The Sudanese army is expected to make “an important announcement”, state media said on Thursday, after months of protests against longtime President Omar al-Bashir.
“The Sudanese army will issue an important statement soon. Wait for it,” a television anchor said, without giving further details.
The protests, which erupted in December, have become the biggest challenge yet to Bashir’s three decades of rule.
Thursday marked the sixth day of a defiant sit-in outside the military’s headquarters, which also houses Bashir’s official residence and the defence ministry.
Crowds of demonstrators have spent five nights thronging the sprawling complex, singing and dancing to revolutionary songs.
Al Jazeera’s Hiba Morgan reporting from the Sudanese capital, Khartoum said there was a heavy security presence on the city’s main roads.
“There are a lot of military trucks around the capital and around the main streets of the city. Most roads have been blocked especially those leading to the army HQ. There are a few roads opened for the protesters who have been participating in the sit-in,” Morgan said.
“People are extremely happy even before the army made any announcement. People are celebrating and pouring in to the sit-in area. Protesters are saying they are very confident that Bashir will resign,” Morgan added.
The group spearheading the nationwide demonstrations urged residents of the capital to mass outside army headquarters.
“We call on our people from across the Khartoum capital and the region around to immediately go to the sit-in area and not leave from there until our next statement is issued,” the Sudanese Professionals Association said.
Observers say although it remains unclear what the armed forces will announce, it appears as though the army has decided to support the protesters.
Mahjoob Zweiri, professor of Middle East history at Qatar University told Al Jazeera: “During the past 10 days, it was obvious that there was a shift in the movement in Sudan. This shift started with the military changing its own course towards the demands of the people.
“Over the last 24 hours, the demands and the number of participants [in the protests] increased, putting pressure on the military institution as a whole and making the army feel the need to take action.”
Ahmed Soliman, a researcher at the Africa Programme at Chatham House told Al Jazeera that while he expects the army to announce the end of Bashir’s 30-year-rule within the next few hours, fears remain that the movement may be co-opted by the security forces or internal factions within the armed forces.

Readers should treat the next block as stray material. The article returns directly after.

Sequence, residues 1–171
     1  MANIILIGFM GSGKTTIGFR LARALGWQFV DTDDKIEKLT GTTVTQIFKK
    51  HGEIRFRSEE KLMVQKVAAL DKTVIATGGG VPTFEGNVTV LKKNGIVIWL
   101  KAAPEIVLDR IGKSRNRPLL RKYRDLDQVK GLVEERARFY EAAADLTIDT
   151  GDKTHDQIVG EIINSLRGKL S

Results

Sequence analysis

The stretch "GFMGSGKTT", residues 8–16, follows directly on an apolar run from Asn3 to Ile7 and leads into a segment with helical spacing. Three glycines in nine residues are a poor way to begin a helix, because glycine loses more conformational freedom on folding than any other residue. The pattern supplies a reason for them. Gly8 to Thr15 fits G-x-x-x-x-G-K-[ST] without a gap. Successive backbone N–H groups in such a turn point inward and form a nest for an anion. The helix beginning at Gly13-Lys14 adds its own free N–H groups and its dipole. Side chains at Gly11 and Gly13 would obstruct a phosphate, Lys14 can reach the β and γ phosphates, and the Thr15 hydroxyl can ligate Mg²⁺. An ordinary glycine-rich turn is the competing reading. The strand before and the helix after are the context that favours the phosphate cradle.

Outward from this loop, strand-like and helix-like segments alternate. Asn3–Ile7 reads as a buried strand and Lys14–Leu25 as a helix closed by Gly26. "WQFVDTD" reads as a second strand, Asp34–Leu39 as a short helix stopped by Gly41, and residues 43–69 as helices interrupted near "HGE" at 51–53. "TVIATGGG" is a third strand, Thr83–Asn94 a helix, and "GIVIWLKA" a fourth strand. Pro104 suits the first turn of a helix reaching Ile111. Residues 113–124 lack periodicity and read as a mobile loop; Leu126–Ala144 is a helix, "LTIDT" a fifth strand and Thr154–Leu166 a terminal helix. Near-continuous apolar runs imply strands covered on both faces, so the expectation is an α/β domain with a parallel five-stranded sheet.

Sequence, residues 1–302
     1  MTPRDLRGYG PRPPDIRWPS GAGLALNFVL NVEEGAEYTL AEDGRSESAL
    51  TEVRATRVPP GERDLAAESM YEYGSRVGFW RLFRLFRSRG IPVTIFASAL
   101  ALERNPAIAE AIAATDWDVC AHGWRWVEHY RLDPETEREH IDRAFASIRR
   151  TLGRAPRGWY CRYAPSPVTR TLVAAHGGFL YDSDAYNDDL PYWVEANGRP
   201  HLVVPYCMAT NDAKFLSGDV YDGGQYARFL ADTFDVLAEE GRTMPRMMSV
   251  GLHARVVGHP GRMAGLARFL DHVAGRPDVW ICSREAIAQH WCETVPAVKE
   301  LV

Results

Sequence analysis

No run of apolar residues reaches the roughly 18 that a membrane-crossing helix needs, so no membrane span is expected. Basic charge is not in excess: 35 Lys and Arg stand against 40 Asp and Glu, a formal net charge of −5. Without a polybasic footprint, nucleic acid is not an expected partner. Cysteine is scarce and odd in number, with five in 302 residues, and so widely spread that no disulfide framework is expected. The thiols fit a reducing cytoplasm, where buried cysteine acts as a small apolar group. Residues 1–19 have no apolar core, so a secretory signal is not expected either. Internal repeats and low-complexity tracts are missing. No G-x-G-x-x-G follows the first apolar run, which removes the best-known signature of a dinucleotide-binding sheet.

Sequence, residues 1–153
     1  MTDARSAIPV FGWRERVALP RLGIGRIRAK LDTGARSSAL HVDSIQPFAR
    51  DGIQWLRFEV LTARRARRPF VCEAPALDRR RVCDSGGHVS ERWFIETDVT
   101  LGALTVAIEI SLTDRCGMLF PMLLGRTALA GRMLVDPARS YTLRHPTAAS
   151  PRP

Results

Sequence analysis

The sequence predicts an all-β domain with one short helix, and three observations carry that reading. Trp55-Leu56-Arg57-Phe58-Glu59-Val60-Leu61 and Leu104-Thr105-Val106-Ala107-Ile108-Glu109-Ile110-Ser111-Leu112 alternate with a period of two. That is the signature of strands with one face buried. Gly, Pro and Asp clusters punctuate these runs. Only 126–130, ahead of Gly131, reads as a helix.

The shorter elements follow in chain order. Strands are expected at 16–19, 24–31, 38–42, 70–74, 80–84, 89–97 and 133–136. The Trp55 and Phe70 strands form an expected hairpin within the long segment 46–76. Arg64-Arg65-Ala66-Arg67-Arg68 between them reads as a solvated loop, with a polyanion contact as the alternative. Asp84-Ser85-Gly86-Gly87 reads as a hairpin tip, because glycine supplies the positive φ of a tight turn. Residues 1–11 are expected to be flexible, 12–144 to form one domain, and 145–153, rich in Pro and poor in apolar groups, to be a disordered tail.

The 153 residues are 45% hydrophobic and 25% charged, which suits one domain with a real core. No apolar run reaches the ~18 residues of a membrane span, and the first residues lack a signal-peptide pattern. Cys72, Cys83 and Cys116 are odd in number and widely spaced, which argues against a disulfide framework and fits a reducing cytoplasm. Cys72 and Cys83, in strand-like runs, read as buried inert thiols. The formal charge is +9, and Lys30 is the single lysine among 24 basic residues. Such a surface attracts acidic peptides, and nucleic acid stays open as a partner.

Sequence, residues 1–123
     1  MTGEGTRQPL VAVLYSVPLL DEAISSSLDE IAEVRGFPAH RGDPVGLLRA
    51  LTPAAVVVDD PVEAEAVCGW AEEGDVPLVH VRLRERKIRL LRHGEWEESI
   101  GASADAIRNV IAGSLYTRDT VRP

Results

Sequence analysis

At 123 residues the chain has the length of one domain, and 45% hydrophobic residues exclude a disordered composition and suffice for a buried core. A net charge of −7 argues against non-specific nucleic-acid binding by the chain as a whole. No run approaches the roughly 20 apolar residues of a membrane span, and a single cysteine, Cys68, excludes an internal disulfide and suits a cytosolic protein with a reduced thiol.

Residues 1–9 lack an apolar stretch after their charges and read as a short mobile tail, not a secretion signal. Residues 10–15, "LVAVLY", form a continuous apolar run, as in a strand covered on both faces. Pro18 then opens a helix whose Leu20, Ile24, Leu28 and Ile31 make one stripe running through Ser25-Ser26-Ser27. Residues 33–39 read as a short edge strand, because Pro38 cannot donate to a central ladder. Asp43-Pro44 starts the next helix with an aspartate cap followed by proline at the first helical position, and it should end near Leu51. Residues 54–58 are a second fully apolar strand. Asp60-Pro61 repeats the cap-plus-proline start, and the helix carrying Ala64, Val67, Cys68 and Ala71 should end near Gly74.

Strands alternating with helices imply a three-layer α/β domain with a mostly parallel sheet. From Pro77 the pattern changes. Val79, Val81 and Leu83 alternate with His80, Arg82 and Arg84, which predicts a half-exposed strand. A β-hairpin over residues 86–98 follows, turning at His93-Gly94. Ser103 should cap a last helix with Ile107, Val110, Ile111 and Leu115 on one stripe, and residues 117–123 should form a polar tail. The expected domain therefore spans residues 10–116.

“Bashir has spent the last 30 years working to insulate his regime and there is a deep web we’ve seen unravel over the past few months. He [Bashir] has created multiple security forces, militias and has an extremely powerful intelligence and security service which we’ve seen trying to infiltrate these mass protests.”
“We will have a clearer indication of what will happen when the statement is made.”
The demonstrators have braved repeated volleys of tear gas from members of the powerful National Intelligence and Security Service (NISS) since they began camping outside the complex on April 6, protest organisers say.
But since Tuesday night they have not faced any “threat” from security agents, said a protester who requested anonymity for security reasons.
That came after 11 people, including six members of the security forces, were killed on Tuesday during demonstrations in the capital, government spokesman Hassan Ismail told the official SUNA news agency.
Government officials say 49 people have died in protest-related violence since demonstrations first erupted in December.
“I hope our revolution will achieve its goal,” said Alaa Salah, dubbed the protest movement’s “Nubian queen”, referring to an ancient name for Sudan, after a video clip went viral of her conducting chants with demonstrators outside the army headquarters.
Earlier this week, the US, Britain and Norway for the first time threw their weight behind the protesters.
“The time has come for the Sudanese authorities to respond to these popular demands in a serious” way, the countries’ Khartoum embassies said in a statement.
“The Sudanese authorities must now respond and deliver a credible plan for this political transition.”